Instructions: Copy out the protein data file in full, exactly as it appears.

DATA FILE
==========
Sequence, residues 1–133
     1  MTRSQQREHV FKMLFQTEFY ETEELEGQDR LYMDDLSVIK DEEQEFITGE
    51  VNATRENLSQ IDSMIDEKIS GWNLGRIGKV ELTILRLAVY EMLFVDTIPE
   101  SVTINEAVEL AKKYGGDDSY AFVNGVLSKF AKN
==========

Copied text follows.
Sequence, residues 1–133
     1  MTRSQQREHV FKMLFQTEFY ETEELEGQDR LYMDDLSVIK DEEQEFITGE
    51  VNATRENLSQ IDSMIDEKIS GWNLGRIGKV ELTILRLAVY EMLFVDTIPE
   101  SVTINEAVEL AKKYGGDDSY AFVNGVLSKF AKN